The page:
Tag Archives: movies

In case you forgot to hate the world today

They’re making another “No Strings Attached.” Except they cleverly swapped  out the leads (look close, it’s hard to tell: Justin Timberlake for Ashton Kutcher, Mila Kunis for Natalie Portman), and changed the name from one lame cliche to another. Miraculously, this one is even more explicit. “Friends with Benefits.” Behold and be sad:

I don’t know how many times I can endure this.

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Look at E.T. Just look at him.

I have no reason to tell you to look at pictures of E.T. except that I think it’d be a really good idea to look at pictures of E.T. right now.

Right now!

Awesome, right? Yeah, E.T. is awesome.

A Film By Any Other Name

From the directors of Two Stupid Stupid Guys, There's Something Going on with Mary.

Translation is a sticky game. I’ve long wished that I knew Russian so I could better appreciate Tolstoy. I wonder how much more I’d love Love in the Time of Cholera if my Spanish reading comprehension weren’t so dilapidated, or what greater enlightenment I’d have garnered from The Unbearable Lightness of Being in Kundera’s native Czech.

Translation is also a fun game, one that keeps me entertained for at least a stop or two every time I’m on the subway in New York comparing the sparse, pithy copy in the English language MTA ads to the meandering Spanish ones that require smaller font and tighter spacing to fit on the same poster, or pondering the rhythmic differences that make “si ves algo, di algo” sound better to me than “if you see something, say something.”

This post on the Economist’s Johnson language blog takes a look at interesting movie title translations, including “The Girl with the Dragon Tattoo,” which is, in its original Swedish “Men Who Hate Women.” Definitely more going on there than just a little lost-in-translation-ing:

When I arrived in Mexico I wanted something easy to practice my Spanish, so I went looking for “La chica con el tatuaje del dragón”, as I assumed Stieg Larsson’s thriller might be known. It isn’t: the title here is “Los hombres que no amaban a las mujeres” (“The men who didn’t love women”).What a rubbish name, I thought: why couldn’t Mexicans be given a direct translation? In fact, it’s English-speakers who have been duped: the original, in Swedish, is simply “Men who hate women”. (“It was considered too scary for foreign audiences, while just hitting the politically-correct spot in Sweden,” reckons my neighbourhood Swede.)

Duped indeed. Or maybe “Men who hate women” just wasn’t specific enough to differentiate it from other Hollywood flicks.

By the by, I’ve got a little movie title translation of my own to offer — for “Burn After Reading.” Sorry, Coen brothers, you know I love you, but you got this one wrong. Shoulda called it “Burn Before Watching.”

[Thanks, Ter.]

Take for the Weekend and the Back End

Weekend box office grosses put The Expendables on top with a $35 million take, with Eat Pray Love’s $23.7 million gross on its tail. Speaking of tail, be aware that if you go see this girly adaptation, you’re in for some “male rear nudity.” The MPAA’s warning:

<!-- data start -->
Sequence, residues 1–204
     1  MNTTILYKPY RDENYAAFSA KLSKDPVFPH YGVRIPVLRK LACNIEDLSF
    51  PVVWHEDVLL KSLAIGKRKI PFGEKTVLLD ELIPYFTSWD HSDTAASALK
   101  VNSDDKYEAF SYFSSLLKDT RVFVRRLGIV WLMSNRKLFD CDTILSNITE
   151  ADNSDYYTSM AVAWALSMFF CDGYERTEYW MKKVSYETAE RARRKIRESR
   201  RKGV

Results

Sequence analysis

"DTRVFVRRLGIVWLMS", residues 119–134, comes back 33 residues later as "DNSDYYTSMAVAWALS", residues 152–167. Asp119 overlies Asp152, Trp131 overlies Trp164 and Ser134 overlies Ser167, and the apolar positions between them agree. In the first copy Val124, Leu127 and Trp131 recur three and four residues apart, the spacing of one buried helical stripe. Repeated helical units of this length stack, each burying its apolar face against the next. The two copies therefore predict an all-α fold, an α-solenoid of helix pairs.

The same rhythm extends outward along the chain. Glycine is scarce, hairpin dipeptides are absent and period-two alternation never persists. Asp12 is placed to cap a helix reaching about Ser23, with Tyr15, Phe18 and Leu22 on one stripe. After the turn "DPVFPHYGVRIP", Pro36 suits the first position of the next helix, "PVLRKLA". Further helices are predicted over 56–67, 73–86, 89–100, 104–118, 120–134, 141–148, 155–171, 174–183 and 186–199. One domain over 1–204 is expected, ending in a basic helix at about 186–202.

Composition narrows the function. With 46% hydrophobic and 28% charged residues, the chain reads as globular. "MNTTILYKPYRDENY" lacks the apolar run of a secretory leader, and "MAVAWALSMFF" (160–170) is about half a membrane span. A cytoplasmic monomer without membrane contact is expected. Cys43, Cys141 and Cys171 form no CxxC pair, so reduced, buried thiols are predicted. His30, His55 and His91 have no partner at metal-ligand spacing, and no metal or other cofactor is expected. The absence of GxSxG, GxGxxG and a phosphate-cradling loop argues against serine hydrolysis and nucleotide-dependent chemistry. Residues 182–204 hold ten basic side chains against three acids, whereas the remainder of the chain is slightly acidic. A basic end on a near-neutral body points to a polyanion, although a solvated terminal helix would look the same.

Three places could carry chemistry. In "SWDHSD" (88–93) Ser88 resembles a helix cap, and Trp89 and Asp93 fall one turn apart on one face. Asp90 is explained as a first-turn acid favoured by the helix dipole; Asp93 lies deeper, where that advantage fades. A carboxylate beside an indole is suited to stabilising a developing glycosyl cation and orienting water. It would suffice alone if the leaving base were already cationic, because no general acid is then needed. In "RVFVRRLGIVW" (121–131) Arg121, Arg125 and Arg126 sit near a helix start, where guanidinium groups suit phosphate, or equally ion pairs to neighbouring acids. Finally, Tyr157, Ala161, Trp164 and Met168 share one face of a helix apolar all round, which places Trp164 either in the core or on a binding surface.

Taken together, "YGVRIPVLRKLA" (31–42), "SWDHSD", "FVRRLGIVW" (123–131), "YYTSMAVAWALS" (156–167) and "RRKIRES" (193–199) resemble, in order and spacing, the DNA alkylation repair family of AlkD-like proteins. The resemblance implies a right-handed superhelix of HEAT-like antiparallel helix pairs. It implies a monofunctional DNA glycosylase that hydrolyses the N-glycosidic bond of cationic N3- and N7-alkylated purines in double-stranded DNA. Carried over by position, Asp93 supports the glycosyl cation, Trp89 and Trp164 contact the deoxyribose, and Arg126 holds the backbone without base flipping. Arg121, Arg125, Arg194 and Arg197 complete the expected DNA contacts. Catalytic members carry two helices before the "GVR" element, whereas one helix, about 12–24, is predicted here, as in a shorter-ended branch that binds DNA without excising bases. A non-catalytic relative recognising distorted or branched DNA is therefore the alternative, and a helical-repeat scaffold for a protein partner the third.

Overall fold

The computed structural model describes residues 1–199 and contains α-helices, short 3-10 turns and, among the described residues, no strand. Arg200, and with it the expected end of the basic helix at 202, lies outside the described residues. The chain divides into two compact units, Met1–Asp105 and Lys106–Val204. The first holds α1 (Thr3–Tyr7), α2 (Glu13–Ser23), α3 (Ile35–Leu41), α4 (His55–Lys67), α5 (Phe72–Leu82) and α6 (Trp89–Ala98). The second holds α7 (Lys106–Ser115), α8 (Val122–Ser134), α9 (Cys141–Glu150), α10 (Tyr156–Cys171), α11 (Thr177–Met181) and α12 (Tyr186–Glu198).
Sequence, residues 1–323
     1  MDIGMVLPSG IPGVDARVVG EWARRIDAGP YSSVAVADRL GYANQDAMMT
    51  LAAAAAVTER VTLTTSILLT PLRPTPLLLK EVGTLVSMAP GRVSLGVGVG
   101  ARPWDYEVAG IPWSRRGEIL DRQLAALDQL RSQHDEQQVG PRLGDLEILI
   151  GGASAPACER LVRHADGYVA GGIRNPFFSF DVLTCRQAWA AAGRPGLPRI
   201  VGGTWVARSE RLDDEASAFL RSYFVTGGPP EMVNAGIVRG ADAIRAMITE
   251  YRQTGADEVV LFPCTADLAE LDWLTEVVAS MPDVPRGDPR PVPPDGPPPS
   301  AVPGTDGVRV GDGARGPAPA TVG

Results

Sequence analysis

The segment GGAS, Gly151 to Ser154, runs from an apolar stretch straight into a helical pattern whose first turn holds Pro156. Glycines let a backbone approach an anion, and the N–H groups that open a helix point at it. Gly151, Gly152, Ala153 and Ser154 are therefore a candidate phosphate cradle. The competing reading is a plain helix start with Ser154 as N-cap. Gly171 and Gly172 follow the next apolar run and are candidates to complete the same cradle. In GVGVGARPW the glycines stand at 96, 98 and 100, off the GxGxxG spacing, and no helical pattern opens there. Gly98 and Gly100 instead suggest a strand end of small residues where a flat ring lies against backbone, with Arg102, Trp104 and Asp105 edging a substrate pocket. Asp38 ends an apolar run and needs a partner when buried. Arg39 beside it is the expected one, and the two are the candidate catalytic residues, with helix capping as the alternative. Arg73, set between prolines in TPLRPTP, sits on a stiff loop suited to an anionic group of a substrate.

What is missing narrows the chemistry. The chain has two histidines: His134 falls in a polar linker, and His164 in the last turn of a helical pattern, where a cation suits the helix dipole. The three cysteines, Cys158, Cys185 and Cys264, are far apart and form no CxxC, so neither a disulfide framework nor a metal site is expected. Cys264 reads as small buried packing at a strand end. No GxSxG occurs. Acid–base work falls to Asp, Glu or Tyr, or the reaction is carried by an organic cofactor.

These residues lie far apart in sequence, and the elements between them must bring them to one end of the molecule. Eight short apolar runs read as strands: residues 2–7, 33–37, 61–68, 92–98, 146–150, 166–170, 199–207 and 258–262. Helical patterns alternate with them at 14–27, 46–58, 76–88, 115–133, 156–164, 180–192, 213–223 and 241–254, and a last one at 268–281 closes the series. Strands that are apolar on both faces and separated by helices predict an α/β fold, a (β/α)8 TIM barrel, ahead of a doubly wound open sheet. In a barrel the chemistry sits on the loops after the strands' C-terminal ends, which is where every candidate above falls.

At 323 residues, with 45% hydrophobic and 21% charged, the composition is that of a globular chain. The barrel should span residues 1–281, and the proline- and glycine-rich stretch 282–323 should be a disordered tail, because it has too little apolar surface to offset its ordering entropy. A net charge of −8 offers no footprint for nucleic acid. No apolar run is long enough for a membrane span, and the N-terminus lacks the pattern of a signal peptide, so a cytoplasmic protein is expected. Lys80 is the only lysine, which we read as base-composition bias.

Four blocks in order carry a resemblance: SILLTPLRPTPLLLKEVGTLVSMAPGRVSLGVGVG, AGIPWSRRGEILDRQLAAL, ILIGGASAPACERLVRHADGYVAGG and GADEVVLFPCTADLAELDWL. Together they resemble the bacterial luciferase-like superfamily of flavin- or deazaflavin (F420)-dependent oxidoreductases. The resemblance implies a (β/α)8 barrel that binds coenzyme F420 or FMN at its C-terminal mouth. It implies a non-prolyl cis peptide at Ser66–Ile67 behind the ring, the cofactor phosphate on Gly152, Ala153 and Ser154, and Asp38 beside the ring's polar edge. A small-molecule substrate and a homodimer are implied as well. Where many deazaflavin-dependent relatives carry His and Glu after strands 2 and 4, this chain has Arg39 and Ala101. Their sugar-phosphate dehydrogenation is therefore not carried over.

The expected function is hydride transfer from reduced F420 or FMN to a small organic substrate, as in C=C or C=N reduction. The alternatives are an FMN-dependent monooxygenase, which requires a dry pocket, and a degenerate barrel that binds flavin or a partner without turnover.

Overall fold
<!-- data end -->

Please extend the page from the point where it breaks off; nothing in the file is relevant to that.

Do we really need our movie ratings to be this specific? I’d like to see the label on a rerelease of Boogie Nights.

Stuck on Tapes

Score.

In a bit of news that warms my analog heart, Engadget today reports that VHS sales (in the UK) doubled in 2009:

According to a report by [the UK]’s Entertainment Retailers’ Association (ERA), while music sales dropped by 0.8 percent in 2009 (the lowest decrease in five years) and all other video fell by by 10.6 percent, VHS sales more than doubled, from 44,377 in 2008 to 95,201 last year. Of course, everything is relative — while PC games, for instance, declined nearly 25% last year, some 6.4 million titles were sold.

Sure, the numbers are paltry next to, well, just about any other type of media, but the trend makes sense to me. Here’s my completely unscientific take. I don’t think that it’s the cache of the antiquated medium, the way wannabe audiophiles buy records as status symbols. Really, there’s no precedent for VHS tapes being “cool.” What there is precedent for is them being cheap as hell. For instance, I just picked up The Blob, Cronenberg’s Shivers (produced by Ivan Reitman) and Rooftops (1989) for a buck apiece at a gas station-slash-Quiznos-slash-minimart-slash-collaborative-antique-store in Ohio. Don’t know Rooftops? Me neither, but I’m pretty psyched. From the cover:

Jason Gedrick stars as T, a misunderstood loner who has escaped the heartless, drug-ridden streets of New York’s Lower East Side to make a life for himself on the roof-tops of abandoned tenement buildings. T and the other homeless kids live by their wits during the day and “combat dance” every night at an empty lot they call the “Garden of Eden.”

Truth be told, I probably wouldn’t have bought any of these on DVD because they would have been too expensive to justify the purchase. But I’ve got a working VHS player so that I haven’t had to replace my awesome tape collection, and so that I can continue to grow it on the cheap. So there’s my proof. Poor folks like me in the market for pre-21st Century cinema, might just keep the VHS trade going for a while. VHS. QED.

Google Game: Things to do other than…

While writing last week’s Google Game post I stumbled upon a gem of a search. From time to time in life you realize that you need a change. You’re on a path someone else laid out for you, or you’re whiling away precious time, or you’re stuck in self-destructive patterns. Naturally, when it’s time to take control an open-ended interweb search is step 1:

Apparently a lot of people are looking for alternative routes after high school, because as far as I can tell these are all elements of the college experience.

Drinking
TV
Eating
Sex
Drugs
Smoking
Movies
Cutting

Yup, sounds about right.